NSE chair eyes State for Sh230b to excite market

By Lewis Njoka
Wednesday, September 23rd, 2020
Nairobi Securities Exchange Chairman Kiprono Kittony during the interview. Photo/PD/Alice mburu
In summary

Nairobi Securities Exchange (NSE) is looking into ways to turn around dwindling fortunes.

Speaking to Business Hub’s Lewis Njoka, chairman Kiprono Kitonny unveils what needs to be done to attain this ambitious turnaround strategy. Excerpts:

Q: Congratulations on your appointment to chair the bourse. The Nairobi Securities Exchange is currently facing a listing dry spell. What is your game plan to end it?

A:  Thank you very much. The NSE has a strategic plan and I come in at the beginning of a new five-year strategic planning cycle.

I want to focus on five core areas that will define the success or otherwise of my leadership at NSE. One is listings.

We have engaged government at the highest levels. We want to get commitment at the highest level that government could release some of its enterprises to the public through listing.

It is our belief that we are able to raise up to Sh230 billion shillings for the government if they were to draw down further shareholding. 

Q: Many will argue that the settlement cycle at the bourse is still long. Can we have same day trading?

A:  There is definitely room for improvement in terms of the settlement cycle. Shorter settlement cycle offers an incentive to investors.

We are working hard to shorten the settlement cycles. Our market cycle of T+3 is perceived as being slightly long, although it still remains the global standard in many of the frontier and emerging markets globally.

We are working towards achieving a cycle of T+2 which will be setting a standard for this region.

It will mean more liquidity, faster transaction time and a greater incentive for those participating in the markets.

Q: Do you think there is need for more stringent measures to curb unethical practices?

A: In the last few years we have seen a lot of corporate failures in Kenya. For me, corporate governance will be the cornerstone upon which we shall build the future exchange.

Some of the building blocks that are already in place is that we have a self regulatory division within the exchange that ensures we that have a close monitor on the businesses that are on

the exchange. We also carry out a lot of market surveillance. We’ve undertaken stress tests to monitor the financial health of listed companies through our SRO division.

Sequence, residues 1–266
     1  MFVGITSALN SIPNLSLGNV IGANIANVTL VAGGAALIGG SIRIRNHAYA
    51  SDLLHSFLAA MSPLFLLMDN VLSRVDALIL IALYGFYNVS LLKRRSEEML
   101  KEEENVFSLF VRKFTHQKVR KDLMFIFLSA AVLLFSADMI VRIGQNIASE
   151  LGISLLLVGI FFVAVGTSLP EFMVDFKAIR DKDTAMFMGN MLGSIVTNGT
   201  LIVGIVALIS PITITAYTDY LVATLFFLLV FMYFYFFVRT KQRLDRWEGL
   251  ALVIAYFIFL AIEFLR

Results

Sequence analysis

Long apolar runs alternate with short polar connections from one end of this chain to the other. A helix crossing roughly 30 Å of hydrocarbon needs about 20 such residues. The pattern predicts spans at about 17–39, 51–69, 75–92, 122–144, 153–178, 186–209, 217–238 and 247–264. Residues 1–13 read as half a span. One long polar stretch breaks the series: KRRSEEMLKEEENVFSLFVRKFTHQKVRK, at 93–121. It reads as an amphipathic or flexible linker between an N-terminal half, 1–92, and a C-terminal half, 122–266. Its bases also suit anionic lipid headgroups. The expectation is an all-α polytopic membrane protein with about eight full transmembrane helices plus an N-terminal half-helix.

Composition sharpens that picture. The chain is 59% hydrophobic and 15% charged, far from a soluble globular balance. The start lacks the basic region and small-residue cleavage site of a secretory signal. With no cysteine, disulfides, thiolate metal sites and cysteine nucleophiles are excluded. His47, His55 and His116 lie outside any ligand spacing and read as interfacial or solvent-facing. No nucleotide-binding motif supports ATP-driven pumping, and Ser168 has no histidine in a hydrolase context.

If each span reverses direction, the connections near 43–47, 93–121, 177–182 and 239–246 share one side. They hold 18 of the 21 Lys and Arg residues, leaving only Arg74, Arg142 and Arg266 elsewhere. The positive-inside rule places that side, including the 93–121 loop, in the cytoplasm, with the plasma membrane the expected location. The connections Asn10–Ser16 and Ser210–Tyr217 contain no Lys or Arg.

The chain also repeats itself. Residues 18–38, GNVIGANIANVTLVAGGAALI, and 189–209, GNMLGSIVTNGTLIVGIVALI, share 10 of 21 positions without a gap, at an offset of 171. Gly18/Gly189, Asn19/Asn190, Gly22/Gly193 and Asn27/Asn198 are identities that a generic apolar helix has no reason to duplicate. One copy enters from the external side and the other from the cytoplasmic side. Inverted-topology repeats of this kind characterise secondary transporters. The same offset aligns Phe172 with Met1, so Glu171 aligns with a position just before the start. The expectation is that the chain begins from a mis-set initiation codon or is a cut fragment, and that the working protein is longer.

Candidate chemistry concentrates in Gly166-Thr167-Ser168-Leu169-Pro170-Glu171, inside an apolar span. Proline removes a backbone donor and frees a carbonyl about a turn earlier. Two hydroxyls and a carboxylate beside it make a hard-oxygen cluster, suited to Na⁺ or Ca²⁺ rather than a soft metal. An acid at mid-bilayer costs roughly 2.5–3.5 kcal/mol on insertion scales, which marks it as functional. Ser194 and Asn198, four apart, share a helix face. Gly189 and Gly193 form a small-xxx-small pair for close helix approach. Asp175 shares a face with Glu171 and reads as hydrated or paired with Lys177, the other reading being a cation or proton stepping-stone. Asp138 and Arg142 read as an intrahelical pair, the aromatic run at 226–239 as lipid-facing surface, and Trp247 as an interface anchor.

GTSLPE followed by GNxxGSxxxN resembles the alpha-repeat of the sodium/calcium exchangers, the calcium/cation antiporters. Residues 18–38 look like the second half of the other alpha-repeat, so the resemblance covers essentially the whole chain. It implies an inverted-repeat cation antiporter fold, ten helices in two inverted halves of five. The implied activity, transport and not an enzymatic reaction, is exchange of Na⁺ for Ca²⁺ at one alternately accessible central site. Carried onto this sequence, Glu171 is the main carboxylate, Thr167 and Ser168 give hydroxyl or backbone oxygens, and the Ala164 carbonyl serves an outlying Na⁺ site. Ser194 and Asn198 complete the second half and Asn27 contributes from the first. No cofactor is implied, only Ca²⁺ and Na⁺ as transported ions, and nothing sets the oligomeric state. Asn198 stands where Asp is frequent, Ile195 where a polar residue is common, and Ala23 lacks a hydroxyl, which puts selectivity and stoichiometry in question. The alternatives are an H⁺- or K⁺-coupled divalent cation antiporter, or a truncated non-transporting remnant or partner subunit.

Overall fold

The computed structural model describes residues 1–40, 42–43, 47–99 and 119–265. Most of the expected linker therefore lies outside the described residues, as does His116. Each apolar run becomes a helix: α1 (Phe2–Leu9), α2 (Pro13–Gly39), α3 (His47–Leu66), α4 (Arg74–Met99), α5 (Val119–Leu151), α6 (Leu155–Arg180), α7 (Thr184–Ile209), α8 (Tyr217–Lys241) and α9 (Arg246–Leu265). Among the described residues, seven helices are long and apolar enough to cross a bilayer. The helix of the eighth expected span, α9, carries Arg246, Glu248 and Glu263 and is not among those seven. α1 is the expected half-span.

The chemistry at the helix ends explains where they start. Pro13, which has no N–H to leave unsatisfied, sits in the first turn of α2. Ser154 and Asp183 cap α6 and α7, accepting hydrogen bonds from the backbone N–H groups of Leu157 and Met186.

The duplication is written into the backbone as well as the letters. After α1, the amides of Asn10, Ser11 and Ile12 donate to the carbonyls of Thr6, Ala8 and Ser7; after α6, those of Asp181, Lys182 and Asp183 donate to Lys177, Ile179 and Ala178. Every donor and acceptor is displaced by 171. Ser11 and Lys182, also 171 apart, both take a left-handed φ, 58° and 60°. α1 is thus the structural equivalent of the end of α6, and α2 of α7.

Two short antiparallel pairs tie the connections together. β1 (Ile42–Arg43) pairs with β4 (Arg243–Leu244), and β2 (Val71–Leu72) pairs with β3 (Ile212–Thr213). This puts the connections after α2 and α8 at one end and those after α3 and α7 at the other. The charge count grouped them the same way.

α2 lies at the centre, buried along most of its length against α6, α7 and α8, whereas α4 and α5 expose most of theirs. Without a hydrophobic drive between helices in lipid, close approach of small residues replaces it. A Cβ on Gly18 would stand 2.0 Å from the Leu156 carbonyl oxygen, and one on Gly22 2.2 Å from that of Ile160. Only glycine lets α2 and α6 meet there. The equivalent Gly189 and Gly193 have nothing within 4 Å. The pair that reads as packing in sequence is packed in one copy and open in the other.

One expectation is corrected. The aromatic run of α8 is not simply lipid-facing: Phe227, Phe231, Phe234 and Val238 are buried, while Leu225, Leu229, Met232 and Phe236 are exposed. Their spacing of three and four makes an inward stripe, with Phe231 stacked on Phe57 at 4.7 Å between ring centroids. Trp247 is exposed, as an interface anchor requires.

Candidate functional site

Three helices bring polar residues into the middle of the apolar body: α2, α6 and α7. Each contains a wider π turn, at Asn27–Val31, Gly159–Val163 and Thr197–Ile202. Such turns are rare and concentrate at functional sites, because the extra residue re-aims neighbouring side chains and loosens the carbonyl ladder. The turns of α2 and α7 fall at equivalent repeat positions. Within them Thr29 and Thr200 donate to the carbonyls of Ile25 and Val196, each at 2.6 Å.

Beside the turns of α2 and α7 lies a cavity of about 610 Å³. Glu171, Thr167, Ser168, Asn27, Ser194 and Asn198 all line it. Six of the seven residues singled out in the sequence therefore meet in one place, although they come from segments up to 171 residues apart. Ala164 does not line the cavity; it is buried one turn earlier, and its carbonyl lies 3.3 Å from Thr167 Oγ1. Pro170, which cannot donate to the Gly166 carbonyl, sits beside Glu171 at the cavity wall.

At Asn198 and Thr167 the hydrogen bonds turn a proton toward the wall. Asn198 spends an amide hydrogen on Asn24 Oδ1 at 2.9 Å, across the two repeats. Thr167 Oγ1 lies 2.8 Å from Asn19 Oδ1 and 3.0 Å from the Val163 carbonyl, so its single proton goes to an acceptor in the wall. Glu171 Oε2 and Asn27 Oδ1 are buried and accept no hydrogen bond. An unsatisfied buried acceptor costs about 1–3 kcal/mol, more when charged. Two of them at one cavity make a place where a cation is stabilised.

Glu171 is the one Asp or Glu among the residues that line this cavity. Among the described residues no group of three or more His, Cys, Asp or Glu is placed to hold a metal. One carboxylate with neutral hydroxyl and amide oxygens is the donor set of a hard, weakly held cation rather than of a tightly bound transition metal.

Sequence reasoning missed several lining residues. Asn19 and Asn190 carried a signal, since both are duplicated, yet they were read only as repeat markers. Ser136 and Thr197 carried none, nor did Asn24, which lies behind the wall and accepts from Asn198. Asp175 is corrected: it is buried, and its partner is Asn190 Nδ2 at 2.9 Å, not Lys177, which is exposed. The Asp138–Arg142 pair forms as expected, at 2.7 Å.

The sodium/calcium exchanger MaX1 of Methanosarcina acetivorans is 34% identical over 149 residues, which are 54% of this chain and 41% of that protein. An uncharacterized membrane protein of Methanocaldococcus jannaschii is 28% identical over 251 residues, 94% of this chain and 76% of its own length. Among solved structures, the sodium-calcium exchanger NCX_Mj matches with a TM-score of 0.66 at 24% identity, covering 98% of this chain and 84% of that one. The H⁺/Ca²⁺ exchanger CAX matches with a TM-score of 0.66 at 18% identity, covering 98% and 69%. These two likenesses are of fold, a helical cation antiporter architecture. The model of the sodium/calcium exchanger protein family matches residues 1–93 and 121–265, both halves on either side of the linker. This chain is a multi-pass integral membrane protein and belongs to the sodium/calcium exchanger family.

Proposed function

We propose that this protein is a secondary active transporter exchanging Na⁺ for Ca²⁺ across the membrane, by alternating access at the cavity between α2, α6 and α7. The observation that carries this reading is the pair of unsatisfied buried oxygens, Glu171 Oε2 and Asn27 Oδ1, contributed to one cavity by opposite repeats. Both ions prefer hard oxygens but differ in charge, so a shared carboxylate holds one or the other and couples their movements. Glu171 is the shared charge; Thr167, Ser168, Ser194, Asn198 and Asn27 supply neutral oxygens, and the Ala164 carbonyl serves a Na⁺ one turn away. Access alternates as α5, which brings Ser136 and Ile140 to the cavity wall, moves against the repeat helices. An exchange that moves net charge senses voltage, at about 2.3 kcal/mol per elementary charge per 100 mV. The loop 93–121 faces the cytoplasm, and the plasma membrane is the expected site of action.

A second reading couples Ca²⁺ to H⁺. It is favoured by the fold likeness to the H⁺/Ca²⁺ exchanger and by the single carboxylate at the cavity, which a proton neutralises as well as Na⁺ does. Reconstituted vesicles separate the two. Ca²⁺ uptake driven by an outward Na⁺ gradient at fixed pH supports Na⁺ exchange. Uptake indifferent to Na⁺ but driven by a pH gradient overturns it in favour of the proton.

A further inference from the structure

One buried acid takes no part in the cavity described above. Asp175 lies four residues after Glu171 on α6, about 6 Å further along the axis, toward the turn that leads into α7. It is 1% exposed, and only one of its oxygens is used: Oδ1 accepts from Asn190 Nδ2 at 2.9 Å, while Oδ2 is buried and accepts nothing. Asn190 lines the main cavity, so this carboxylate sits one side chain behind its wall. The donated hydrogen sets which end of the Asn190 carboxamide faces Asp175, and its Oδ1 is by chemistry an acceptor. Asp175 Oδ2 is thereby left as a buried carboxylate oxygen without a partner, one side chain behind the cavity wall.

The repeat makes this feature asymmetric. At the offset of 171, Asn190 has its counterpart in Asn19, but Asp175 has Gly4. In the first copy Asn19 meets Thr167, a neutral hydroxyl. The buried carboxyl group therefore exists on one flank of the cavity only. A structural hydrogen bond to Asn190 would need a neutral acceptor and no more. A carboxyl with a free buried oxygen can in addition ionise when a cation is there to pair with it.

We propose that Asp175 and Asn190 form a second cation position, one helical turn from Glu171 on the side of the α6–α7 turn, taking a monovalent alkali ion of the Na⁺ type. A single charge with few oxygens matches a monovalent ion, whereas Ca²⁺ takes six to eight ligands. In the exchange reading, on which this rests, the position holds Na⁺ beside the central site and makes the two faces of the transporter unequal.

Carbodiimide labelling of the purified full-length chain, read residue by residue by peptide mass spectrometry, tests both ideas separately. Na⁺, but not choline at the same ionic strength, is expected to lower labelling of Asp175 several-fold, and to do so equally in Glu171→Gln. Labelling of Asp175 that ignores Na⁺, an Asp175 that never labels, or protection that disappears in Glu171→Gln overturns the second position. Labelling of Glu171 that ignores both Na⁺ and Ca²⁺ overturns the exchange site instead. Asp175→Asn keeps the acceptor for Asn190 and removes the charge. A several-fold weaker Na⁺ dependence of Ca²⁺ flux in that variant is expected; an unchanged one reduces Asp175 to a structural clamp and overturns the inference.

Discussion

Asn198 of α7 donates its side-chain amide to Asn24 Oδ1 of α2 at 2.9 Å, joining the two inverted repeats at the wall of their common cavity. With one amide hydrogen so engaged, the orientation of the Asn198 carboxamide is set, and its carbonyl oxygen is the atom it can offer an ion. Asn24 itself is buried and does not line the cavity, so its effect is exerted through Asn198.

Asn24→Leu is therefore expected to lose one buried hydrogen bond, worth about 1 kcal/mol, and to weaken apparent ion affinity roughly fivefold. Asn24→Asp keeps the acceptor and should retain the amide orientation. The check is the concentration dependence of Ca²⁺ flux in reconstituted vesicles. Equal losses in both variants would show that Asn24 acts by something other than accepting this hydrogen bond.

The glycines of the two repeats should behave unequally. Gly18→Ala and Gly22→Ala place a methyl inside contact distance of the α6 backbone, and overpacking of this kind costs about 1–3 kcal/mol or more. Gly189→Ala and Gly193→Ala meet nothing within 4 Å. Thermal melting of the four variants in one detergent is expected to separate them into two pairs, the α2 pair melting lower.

Q: What is your take on deepening retail market participation at the bourse?

A: That’s one of the key areas of focus for me. I would like that to define my leadership. At the

moment, as you know, the participation of foreign capital vis a vis local capital is 70:30 in

favour of foreign capital. So, we would like to really sensitize the public, particularly through collective investment schemes, of the value of investing in marketable securities in equities and the bond market.

I believe we could try and level that ratio to 50:50. I am very Pan-Africanist, my definition of local is Africa.

Q: Talking of cross-listing, last year it was at the top of your plans at NSE. How do you

plan to take it from where it is to the next level?

A: Cross-listing is a function of the partnerships and the quality of partnerships we create.

The Acorn Green bond was cross-listed in Nairobi and London and has been successful. For us it

has been a successful experiment and within the government itself there are plans by some of

the state owned corporations to list green bonds and I believe there is a lot to be said for it.

If we look at the green space in its totality we are very well positioned even to access wind climate funding. It’s something we are really going to push hard.

Q: As the new Chair, what are your fears, what are your concerns for the financial sector, for the country, and the region?

A: My first concern is that, as we have many times when markets try to integrate, is that

bureaucracies don’t move at the pace of the goodwill at the level of the heads of state. We’ve

seen it at the EAC integration, Comesa and we are seeing similar challenges at the AfCFTA.

My second concern is that as a country, we have allowed politics to take the front and centre

of almost everything. My other concern, which is the concern of many, is our public debt. But again, we are a very resilient country and these are things that can be remedied.

Q: What is the future like at the bourse under your chairmanship?

A:  It’s very bright. In the three years that I will be at the helm of NSE, I would like to create an environment of increased opportunities for investors, positioning Kenya as a key investment

hub in this region. I would like to change the positioning of NSE from a frontier market to an emerging market which would then unlock endless possibilities.